There has been some confusion in the markets as to what the Fed has signified by the removal of "The stance of monetary policy remains accommodative," from today's statement - and not surprisingly so when the initial reaction in the greenback was a spike lower when one might expect that should the Fed be reigning in its attempts to expand the overall money supply to boost the economy, it means that they are bullish on their outlook for growth - and that is evident in the recent projections for GDP as follows:

  • 2018 - 3.1% vs 2.8% prior
  • 2019 - 2.5% vs 2.4% prior
  • 2020 - 2.0% vs 2.0% prior

Analysts at TD Securities offered a side-by-side comparison of the FOMC statements - take a look:

It all looks rather hawkish at first glance and indeed the economic projections are bullish, here are the unemployment rate upticks:

Unemployment rate:

  • 2018 - 3.7% vs 3.6% prior
  • 2019 - 3.5% vs 3.5% prior
  • 2020 - 3.5% vs 3.5% prior

However, here are the PCE inflation projections, not so hawkish:

  • 2018 - 2.1% vs 2.1% prior
  • 2019 - 2.0% vs 2.1% prior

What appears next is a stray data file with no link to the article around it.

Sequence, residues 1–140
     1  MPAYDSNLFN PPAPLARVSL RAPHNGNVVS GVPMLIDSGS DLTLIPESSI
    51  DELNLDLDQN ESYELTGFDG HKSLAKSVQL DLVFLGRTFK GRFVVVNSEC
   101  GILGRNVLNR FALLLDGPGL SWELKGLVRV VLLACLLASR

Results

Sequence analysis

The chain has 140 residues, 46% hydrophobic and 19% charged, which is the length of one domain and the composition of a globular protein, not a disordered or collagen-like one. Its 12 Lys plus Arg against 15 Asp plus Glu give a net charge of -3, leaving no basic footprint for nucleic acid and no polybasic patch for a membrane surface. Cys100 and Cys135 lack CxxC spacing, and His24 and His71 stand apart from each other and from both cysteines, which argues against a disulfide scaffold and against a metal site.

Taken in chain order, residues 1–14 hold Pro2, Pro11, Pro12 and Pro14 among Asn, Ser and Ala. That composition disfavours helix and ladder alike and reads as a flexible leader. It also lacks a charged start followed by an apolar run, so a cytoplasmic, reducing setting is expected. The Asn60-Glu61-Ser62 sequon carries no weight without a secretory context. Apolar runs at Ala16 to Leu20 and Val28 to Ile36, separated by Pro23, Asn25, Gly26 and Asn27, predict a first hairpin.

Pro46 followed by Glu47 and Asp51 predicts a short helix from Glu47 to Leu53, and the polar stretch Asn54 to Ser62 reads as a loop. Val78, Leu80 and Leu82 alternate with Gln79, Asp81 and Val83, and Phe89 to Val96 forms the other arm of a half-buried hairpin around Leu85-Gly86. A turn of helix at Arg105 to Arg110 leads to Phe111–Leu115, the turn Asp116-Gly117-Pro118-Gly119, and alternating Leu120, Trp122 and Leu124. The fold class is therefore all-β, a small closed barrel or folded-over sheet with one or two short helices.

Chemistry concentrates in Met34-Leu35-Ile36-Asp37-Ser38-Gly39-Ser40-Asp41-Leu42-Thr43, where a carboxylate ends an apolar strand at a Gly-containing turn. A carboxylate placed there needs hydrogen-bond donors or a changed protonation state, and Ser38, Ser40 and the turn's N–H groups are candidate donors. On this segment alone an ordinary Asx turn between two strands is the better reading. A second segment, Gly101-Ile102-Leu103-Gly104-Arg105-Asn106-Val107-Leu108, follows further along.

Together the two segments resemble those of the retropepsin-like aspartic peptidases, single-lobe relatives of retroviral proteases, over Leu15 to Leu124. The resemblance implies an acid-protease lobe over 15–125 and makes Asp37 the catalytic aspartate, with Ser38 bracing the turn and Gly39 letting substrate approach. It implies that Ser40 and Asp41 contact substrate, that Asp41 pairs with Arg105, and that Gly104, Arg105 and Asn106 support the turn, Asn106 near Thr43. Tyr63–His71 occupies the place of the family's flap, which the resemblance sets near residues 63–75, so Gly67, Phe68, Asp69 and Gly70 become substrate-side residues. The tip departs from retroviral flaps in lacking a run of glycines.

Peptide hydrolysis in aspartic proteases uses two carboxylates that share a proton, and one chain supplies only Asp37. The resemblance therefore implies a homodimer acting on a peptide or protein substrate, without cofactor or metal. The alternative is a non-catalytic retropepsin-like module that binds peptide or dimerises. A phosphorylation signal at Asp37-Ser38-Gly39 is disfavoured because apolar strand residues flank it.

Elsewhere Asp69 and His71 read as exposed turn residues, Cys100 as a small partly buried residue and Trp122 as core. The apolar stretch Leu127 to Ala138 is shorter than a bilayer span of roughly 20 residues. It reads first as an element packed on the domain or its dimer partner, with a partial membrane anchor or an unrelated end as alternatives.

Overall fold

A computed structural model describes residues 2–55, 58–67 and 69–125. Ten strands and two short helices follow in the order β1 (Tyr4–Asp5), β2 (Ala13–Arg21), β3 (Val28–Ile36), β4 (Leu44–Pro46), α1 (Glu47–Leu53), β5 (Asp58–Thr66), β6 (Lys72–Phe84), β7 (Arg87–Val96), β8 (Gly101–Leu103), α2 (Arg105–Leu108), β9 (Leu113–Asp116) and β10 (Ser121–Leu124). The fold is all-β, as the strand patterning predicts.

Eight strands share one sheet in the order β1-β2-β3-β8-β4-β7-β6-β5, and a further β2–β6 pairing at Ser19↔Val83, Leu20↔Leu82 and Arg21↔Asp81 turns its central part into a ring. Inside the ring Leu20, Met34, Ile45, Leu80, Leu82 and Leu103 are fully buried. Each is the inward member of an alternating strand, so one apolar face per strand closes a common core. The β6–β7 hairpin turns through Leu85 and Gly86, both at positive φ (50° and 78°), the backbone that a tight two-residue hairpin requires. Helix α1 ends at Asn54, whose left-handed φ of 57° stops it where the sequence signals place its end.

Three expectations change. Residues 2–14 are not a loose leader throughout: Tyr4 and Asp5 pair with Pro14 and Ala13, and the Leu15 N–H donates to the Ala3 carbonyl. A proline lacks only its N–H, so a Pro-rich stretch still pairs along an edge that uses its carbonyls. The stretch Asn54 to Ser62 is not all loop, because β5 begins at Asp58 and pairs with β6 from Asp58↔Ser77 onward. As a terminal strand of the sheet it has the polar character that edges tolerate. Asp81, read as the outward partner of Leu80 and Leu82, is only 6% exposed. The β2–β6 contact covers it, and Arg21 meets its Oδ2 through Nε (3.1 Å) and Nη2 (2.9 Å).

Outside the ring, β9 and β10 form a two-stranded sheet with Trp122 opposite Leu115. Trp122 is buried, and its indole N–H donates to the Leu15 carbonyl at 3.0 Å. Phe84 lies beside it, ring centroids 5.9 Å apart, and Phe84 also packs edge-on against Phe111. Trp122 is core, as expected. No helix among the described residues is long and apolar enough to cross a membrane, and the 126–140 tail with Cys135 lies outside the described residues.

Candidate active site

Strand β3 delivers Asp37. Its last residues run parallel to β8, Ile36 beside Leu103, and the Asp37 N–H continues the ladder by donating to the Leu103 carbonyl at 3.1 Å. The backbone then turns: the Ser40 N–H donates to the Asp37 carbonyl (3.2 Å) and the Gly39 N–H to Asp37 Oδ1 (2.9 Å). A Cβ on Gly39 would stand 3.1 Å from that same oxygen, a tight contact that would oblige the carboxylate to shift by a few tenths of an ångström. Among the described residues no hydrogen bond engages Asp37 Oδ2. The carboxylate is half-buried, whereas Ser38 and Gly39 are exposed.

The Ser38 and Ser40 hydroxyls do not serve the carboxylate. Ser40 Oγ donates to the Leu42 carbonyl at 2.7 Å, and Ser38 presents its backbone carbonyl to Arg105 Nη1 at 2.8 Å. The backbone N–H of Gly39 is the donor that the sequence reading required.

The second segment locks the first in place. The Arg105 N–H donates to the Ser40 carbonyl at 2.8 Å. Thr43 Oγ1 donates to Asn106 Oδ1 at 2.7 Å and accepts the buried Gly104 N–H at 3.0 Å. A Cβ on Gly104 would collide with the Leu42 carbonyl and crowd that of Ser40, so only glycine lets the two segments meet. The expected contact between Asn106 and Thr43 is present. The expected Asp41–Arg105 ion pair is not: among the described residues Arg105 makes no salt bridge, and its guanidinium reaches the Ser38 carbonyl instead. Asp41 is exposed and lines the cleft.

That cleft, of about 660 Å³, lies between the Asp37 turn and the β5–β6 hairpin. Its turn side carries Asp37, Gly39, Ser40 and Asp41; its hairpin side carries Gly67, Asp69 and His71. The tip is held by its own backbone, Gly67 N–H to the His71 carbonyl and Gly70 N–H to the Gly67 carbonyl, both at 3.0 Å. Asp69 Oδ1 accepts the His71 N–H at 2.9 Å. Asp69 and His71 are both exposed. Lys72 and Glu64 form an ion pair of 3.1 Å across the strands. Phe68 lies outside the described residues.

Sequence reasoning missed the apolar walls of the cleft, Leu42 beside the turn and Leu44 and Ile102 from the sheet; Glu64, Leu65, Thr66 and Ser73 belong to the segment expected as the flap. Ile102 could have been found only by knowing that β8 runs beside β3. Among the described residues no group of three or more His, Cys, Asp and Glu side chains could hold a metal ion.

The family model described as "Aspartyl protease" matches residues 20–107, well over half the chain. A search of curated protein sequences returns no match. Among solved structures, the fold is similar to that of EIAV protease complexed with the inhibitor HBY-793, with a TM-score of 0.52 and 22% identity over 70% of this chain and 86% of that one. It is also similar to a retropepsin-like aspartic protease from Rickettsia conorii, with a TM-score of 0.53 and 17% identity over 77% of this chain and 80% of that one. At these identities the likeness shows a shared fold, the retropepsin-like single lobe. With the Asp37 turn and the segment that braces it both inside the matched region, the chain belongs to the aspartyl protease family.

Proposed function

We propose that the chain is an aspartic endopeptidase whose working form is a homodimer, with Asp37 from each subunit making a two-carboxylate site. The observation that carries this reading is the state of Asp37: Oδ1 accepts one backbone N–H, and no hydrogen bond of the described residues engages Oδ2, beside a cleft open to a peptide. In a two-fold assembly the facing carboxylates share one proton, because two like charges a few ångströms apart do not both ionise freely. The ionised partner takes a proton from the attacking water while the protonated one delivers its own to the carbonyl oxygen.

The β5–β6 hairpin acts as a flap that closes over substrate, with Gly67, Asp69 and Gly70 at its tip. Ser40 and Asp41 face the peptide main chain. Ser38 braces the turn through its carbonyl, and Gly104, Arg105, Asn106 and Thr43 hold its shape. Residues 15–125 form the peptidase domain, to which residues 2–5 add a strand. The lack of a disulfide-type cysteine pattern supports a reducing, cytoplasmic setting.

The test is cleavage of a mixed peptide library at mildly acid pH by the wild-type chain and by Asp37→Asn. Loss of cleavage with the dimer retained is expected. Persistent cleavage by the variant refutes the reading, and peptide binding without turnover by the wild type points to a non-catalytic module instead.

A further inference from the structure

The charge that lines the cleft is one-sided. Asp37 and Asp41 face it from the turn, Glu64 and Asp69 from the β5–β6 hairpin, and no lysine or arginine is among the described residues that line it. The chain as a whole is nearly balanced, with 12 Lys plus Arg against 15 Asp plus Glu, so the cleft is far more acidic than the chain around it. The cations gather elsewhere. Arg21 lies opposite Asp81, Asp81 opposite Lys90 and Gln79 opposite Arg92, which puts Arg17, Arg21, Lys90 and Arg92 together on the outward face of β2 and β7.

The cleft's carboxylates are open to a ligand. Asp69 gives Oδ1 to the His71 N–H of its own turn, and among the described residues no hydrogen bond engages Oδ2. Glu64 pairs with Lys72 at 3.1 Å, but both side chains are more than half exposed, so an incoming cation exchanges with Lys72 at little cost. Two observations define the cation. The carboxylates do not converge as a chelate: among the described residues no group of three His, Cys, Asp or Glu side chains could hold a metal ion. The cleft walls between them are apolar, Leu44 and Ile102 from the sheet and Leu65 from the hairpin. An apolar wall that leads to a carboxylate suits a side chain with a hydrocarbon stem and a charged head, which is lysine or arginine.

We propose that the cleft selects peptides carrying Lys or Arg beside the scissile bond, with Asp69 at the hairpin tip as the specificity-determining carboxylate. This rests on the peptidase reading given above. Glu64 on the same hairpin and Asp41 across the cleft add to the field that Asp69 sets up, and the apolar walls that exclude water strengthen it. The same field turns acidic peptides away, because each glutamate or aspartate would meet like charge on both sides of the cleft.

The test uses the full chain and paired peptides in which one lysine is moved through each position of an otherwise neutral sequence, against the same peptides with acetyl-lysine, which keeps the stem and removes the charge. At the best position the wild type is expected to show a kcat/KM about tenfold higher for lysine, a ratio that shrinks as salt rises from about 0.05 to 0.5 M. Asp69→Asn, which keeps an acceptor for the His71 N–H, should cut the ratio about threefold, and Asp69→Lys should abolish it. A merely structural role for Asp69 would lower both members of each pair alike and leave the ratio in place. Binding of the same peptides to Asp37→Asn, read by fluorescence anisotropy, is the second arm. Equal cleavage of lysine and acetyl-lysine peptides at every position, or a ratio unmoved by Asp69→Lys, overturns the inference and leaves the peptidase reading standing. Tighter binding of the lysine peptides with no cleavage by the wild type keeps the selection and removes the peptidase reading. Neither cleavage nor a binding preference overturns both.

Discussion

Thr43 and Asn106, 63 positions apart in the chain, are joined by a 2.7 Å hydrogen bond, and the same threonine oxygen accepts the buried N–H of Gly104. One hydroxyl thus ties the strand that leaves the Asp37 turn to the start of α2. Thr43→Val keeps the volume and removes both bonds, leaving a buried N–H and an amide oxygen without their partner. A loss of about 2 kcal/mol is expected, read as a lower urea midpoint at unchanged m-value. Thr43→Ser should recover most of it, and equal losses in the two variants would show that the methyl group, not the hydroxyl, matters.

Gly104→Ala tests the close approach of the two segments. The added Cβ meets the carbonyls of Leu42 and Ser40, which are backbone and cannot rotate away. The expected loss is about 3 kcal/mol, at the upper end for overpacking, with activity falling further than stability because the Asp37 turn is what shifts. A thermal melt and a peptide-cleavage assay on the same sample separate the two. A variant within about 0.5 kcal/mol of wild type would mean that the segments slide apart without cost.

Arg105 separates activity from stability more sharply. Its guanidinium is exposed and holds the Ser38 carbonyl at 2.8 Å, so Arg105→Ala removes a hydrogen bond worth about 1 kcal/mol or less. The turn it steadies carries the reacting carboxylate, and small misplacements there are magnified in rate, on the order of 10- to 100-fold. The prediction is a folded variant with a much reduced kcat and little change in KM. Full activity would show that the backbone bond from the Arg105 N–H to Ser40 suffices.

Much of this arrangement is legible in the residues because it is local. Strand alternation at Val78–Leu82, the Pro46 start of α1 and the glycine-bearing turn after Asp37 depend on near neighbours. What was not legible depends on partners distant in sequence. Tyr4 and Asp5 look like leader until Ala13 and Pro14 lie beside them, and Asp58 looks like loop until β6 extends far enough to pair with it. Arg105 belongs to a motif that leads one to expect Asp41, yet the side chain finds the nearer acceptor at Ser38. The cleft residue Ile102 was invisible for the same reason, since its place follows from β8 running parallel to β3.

• 2020 - 2.1% vs 2.1% prior

Nevertheless, the median projections are for one further rate hike this year and an additional three hikes next year and that is hawkish where otherwise, the doves out there in the market might have been expecting perhaps just two more hikes in 2019.  However, the 2021 dot indicates an end to the rate hike cycle with some Fed officials pencilling in cuts - and if the likes of the ECB (growth depending), BoC, BoE (Brexit depending) are playing catch up - then that could be the motivation for the initial spike lower in the greenback. However, it now seems that the market wants to be long of dollars figuring that the US is streaks ahead in its growth and rate hike cycle - You don't get a better yield elsewhere.



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